Well, Sir, quoth I, then I perceive you to be a wellmeaning man, and so one that takes pleasure to hear and tell of that which is good: pray did you never hear what happened to a man some time ago in this town, (whose name was Christian), that went on a pilgrimage up towards the higher regions?

Sag. Hear of him! Ay, and I also heard of the molestations, troubles, wars, captivities, cries, groans, frights, and fears, that he met with and had on his journey. Besides, I must tell you, all our country rings of him; there are but few houses, that have heard of him and his doings, but have sought after and got the records of his pilgrimage: yea, I think I may say, that this hazardous journey has got many well-wishers to his ways; for, though when he was here, he was fool in every man's mouth, yet now he is gone he is highly commended of all. For it is said he lives bravely where he is: yea, many of them that are resolved never to run his hazards, yet have their mouths water at his gains.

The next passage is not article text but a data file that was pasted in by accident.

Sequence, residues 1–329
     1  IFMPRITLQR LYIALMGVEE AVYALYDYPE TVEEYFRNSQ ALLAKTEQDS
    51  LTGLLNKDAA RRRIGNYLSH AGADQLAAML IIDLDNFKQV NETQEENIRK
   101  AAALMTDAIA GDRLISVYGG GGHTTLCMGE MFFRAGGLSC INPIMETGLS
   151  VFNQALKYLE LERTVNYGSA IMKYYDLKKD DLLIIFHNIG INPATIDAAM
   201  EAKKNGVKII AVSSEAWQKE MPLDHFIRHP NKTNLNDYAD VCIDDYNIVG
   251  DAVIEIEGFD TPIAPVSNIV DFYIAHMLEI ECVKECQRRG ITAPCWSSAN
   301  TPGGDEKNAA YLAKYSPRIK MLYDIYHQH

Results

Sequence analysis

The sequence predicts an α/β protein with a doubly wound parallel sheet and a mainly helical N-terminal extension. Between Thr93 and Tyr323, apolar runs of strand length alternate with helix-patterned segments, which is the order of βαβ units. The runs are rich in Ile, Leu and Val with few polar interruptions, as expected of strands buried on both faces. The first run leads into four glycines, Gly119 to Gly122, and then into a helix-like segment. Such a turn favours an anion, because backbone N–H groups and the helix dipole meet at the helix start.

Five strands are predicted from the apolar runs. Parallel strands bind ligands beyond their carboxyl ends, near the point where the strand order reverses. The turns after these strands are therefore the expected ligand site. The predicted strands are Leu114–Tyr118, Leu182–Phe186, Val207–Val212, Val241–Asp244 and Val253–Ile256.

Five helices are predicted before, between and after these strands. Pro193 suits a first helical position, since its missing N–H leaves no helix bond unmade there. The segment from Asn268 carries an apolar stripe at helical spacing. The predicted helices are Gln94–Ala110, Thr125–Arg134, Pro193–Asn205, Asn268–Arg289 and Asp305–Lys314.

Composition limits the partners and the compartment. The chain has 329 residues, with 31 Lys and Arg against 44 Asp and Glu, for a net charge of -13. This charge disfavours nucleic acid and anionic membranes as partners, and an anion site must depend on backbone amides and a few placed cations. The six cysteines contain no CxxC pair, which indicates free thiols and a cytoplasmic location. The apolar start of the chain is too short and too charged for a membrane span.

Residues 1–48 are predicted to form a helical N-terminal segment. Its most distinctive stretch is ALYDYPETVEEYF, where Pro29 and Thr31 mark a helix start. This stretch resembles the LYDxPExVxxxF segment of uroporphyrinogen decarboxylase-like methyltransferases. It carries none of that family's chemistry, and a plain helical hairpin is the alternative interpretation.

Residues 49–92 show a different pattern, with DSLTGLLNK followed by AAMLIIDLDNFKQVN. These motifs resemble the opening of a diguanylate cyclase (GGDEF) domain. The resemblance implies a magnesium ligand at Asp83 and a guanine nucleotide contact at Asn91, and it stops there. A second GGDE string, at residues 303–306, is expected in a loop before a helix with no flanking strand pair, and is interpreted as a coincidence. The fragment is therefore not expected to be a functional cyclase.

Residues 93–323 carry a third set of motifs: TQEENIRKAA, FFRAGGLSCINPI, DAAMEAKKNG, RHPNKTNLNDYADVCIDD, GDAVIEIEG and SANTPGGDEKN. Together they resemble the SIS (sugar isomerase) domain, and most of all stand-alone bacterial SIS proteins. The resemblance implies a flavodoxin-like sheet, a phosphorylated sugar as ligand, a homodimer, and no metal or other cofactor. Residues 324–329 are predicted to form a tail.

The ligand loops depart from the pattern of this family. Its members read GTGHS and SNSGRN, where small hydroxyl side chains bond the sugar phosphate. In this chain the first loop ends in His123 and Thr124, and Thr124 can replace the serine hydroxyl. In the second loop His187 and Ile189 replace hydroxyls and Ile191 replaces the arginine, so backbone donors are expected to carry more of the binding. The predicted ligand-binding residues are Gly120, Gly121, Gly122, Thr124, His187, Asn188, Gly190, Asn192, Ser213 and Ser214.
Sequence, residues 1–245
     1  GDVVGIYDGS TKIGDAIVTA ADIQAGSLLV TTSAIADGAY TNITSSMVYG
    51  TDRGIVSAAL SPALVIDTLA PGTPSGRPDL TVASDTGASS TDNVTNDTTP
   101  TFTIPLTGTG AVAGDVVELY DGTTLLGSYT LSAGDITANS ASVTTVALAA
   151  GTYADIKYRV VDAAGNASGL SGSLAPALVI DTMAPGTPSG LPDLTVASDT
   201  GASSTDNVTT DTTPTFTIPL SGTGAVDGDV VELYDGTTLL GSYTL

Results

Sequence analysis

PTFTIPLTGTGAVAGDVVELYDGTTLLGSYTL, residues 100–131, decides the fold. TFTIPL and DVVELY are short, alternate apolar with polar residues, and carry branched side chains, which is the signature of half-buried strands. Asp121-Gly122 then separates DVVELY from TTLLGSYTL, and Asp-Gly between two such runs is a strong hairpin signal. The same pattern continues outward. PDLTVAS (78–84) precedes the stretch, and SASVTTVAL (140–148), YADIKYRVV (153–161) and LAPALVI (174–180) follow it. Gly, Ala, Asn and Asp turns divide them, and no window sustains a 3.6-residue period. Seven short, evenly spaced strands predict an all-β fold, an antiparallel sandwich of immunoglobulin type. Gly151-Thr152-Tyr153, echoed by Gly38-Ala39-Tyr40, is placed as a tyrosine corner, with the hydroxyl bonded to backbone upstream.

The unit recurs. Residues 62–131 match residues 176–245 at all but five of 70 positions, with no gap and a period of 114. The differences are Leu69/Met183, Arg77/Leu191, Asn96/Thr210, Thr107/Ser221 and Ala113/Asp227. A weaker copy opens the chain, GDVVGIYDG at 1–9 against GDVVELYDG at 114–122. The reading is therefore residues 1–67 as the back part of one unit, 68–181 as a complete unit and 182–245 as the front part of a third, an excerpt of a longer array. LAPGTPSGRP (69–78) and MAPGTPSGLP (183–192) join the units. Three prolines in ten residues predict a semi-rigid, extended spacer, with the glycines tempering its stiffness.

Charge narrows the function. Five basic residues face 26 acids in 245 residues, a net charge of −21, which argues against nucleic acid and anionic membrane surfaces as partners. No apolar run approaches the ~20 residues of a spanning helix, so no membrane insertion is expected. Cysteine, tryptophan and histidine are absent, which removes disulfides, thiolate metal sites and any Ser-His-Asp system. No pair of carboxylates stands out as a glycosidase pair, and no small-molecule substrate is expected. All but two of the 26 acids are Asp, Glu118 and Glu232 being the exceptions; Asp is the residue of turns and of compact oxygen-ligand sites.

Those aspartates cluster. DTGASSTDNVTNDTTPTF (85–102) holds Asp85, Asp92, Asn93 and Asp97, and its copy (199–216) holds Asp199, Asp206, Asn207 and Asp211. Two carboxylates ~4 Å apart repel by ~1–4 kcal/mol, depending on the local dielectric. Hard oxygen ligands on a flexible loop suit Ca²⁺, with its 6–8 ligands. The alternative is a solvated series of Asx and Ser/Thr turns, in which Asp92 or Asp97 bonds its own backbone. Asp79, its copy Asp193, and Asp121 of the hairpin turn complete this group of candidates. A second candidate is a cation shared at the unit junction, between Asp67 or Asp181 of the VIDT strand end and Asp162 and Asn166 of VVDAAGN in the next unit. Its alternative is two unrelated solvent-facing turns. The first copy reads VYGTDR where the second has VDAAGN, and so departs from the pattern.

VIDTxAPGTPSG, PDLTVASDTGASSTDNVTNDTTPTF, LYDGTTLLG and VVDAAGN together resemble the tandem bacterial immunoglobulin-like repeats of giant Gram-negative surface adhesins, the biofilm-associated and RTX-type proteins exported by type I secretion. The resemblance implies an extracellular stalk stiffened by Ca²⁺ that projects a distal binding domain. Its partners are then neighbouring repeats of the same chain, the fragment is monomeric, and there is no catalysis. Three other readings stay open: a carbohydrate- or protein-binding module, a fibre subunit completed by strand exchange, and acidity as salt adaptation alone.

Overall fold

They may, quoth I, well think, if they think any thing that is true, that he liveth well where he is; for he now lives at and in the Fountain of life, and has what he has without labour and sorrow, for there is no grief mixed therewith. but pray, what talk have the people about him?

Sag. Talk! the people talk strangely about him: some say, that he now walks in white; that he has a chain of gold about his neck; that he has a crown of gold, beset with pearls, upon his head: others say, that the shining ones, that sometimes showed themselves to him in his

1 Rev. iii. 4. Chap. vi. 11.

journey, are become his companions, and that he is as familiar with them in the place where he is, as here one neighbour is with another.' Besides, it is confidently affirmed concerning him, that the King of the place where he is has bestowed upon him already a very rich and pleasant dwelling at court, and that he every day eateth, and drinketh, and walketh, and talketh with him, and receiveth the smiles and favours of him that is Judge of all there. Moreover, it is expected of some, that his Prince the Lord of that country, will shortly come into these parts, and will know the reason, if they can give any, why his neighbours set so little by him, and had him so much in derision, when they perceived that he would be a pilgrim.2